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Re: pterosaur launch animation
an animated pterosaur [kinda like a Rhamphorhynchus, but having an
extraordinarily short tail] crouches down as if resting (ischium
touches the substrate, wings drag between fingers and feet], then
leaps with its very short hind legs and tiny feet, arches its long
back, pushing its forelimbs further down, then rebounds into the
Mike, how did the animators do? Other than the major problems, was
that close to your and Jim C's vision?
Well, it's probably the best pterosaur launch animation so far, since
they at least got the overall sequence of hindlimbs-to-forelimbs
correct. That was what I really pushed for. That said, there are
clearly plenty of morphological errors. I knew the wing folding was
going to be off, but I didn't worry about that too much (this also
means, of course, that the unfolding doesn't occur in quite the manner
it really would). The upstroke should have occurred more rapidly (and
earlier), which would have brought the first downstroke into play at
the correct timing. But, it gets the point across, and that's all you
can hope for. I had only a couple of quick afternoon calls to talk
them through it, and send some very rough sketches, at which point the
poor animators had all of 48 hours to build the basic animation. So
there's only so much information I could impart.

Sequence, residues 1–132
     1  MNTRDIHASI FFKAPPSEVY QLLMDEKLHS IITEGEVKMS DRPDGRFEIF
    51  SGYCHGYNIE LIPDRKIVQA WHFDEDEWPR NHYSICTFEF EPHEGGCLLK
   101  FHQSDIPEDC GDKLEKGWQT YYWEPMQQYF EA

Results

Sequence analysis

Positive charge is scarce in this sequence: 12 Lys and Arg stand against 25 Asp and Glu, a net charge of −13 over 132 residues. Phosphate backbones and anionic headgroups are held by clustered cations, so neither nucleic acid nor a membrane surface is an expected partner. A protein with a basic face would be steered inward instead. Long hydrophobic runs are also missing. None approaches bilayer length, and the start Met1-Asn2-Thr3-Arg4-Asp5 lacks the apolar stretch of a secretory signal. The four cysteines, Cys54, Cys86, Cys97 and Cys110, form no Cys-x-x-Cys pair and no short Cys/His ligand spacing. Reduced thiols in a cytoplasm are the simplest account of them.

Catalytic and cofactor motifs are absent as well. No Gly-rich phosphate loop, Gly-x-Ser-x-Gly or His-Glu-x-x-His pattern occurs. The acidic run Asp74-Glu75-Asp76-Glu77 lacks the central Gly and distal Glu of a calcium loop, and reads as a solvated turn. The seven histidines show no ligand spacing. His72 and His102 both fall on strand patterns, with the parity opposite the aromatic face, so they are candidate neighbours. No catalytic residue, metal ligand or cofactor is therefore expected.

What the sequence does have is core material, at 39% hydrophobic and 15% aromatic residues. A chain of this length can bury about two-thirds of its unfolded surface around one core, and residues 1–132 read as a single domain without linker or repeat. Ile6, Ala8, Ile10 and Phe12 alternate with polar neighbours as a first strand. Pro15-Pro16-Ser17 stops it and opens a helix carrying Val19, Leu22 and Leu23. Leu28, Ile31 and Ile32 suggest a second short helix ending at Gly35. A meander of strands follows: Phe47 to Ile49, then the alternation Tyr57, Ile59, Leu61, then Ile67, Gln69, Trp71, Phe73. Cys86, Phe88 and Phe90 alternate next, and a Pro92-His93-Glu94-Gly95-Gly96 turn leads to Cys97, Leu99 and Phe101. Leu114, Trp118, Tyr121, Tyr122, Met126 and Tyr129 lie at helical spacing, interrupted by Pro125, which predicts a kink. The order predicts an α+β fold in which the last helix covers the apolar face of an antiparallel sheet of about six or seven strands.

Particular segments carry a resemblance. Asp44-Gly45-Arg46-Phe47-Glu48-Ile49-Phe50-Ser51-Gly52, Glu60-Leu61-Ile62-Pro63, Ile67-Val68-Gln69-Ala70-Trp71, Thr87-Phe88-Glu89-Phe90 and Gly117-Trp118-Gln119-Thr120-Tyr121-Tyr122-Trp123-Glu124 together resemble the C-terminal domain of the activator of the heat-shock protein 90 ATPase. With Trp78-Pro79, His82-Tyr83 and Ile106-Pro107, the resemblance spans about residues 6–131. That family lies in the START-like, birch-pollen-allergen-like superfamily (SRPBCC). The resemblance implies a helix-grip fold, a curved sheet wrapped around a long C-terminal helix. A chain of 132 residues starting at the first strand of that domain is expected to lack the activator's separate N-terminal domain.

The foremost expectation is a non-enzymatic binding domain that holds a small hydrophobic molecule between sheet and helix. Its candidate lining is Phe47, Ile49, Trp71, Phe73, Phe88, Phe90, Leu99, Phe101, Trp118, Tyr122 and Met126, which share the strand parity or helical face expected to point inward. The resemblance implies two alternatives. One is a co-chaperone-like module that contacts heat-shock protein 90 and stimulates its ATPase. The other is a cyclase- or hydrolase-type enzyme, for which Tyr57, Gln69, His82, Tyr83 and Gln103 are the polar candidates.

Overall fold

Knowing your preferences, I know certain things you would probably
have changed. You look younger and I undoubtedly missed any report of
this video on the list. You can just point me to a date if you wish.
There was a short discussion just after the show aired on Sept 2nd. It
should be buried in the posts from the 3rd to 5th or so.
I've often asked for a drawing. You never mentioned the existence of
this. Or was it so far off the mark?
Well, it just came out recently, and I'd really rather give you
illustrations that are more precise - I think you deserve an overall
accurate representation (including proper wing folding, etc). I also
figure you'd prefer a specific species (they used a "generic" as it
were). I'm building some figures for SVP - I'll probably unveil them
there, and send you copies if you don't make it to the meeting.
Michael Habib, M.S.
Center for Functional Anatomy and Evolution
Johns Hopkins School of Medicine
1830 E. Monument Street
Baltimore, MD 21205
(443) 280 0181